By Ed Frauenheim
Dec. 12, 2011
Many people like to keep politics out of the workplace. But to Traci Fenton, what workplaces badly need is the infusion of a political idea: democracy. Fenton is founder and CEO of WorldBlu, a 14-year-old organization devoted to making companies more participatory. Allowing workers a stronger voice on the job is not only a lofty ideal, she argues, but also a recipe for revved-up employees and better business results. The proof, she says, can be found at firms on WorldBlu’s annual list of the Most Democratic Workplaces. Fenton spoke recently with Workforce Management senior editor Ed Frauenheim.
Workforce Management: Why did you start WorldBlu?
Traci Fenton: Because of a series of life-changing events. My senior year in college, I was director of a student-run public affairs conference. My peers wanted to do the conference on democracy. I said, ‘That’s the worst idea I’ve ever heard. Democracy means government and politics and I’m not interested in either!’ But I started to research the concept. I realized democracy creates an environment that unlocks our full potential. … It really spoke to my heart. Then I spent time in Indonesia, when the dictator Suharto was being overthrown. I saw what it was like to not live in a free and democratic environment. When I returned to the United States, I took a job at a Fortune 500 firm. I came home from my first day of work demoralized. I realized I was not going to have a voice there. So I left. And I started WorldBlu.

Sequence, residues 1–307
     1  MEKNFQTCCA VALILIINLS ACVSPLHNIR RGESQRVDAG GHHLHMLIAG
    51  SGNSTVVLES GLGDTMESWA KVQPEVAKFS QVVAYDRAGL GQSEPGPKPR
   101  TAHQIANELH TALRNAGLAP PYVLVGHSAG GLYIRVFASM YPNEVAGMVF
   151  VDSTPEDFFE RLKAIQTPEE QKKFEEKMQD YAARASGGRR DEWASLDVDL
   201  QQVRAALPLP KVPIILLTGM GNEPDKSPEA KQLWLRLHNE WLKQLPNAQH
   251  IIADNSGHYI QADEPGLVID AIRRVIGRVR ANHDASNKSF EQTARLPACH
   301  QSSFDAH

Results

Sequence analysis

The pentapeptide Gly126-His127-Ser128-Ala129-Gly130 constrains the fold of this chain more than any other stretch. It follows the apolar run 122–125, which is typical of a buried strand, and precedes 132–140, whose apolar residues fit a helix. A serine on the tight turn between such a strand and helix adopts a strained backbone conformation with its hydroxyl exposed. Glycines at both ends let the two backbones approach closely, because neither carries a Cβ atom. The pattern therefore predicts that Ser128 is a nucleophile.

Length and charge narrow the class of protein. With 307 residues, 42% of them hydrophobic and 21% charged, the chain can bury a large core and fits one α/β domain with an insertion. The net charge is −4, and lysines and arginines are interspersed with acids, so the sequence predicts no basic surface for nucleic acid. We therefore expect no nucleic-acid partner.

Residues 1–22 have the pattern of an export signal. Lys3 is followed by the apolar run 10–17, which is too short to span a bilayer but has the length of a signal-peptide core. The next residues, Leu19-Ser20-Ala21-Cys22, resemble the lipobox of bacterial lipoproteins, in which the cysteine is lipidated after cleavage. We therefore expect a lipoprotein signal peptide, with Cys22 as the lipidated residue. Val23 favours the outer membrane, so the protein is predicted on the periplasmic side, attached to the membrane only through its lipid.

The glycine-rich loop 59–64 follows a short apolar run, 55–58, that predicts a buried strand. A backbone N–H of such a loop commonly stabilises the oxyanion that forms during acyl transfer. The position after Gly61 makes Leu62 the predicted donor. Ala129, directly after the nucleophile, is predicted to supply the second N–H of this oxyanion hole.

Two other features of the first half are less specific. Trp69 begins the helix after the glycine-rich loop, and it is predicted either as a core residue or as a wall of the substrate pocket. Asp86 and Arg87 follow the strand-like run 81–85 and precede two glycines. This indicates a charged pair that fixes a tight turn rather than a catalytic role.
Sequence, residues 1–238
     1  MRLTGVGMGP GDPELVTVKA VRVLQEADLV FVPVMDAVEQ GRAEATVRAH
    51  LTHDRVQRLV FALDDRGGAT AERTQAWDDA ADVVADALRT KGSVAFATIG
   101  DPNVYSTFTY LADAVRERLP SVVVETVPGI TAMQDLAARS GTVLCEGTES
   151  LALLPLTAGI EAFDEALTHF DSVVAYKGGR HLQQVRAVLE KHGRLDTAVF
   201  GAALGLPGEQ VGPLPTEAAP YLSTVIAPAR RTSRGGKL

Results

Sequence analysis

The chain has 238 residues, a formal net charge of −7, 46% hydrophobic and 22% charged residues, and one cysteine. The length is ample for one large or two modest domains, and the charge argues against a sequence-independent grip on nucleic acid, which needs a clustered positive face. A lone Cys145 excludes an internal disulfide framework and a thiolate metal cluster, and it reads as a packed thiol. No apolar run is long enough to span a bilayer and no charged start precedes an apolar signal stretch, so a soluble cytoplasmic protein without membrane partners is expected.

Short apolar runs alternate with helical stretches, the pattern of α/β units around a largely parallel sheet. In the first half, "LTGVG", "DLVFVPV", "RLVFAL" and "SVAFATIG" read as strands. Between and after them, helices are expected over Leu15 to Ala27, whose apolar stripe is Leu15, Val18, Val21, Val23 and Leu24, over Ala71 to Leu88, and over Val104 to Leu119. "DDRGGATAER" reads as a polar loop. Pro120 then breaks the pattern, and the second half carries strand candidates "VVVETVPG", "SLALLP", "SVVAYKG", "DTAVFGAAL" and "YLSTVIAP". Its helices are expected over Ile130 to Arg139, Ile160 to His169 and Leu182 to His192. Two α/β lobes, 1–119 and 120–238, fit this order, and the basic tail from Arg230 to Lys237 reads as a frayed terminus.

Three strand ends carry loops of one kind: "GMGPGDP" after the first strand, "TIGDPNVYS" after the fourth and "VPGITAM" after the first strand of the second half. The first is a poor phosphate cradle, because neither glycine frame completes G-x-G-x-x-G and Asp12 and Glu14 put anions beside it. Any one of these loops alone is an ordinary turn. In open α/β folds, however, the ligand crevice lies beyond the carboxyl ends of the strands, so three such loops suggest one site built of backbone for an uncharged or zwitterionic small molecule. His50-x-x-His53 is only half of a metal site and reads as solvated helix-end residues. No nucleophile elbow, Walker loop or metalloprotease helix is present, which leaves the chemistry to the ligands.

WM: Isn’t workplace democracy a recipe for sluggish decision-making?
Fenton: Decentralized decision-making can take more time on the front end as you gather more input from employees. But organizational democracy doesn’t mean you have to vote on everything. And even if decisions require more time, you make up that time in the execution. People who have had a say in a decision are more willing to follow through on it.
WM: Is organizational democracy good for everyone?
Fenton: It’s not right for all employees. Not everyone has a strong sense of their own self-worth. This may sound hippy-dippy, but it’s a requirement for effective participation in a democratic organization.
WM: You say organizational democracy is inevitable. Why?
Fenton: We don’t live in the Industrial Age anymore; we live in the ‘Democratic Age.’ And the command and control system that worked before simply doesn’t work in this new age.
WM: Is organizational democracy good for all businesses?
Fenton: Yes. Organizational democracy is good for all companies, but what matters is the timing as to when it is introduced. The mindset of the CEO and top leaders must be prepared for it first before a democratic framework and leadership style can be introduced.
Workforce Management, December 2011, p. 13 Subscribe Now!
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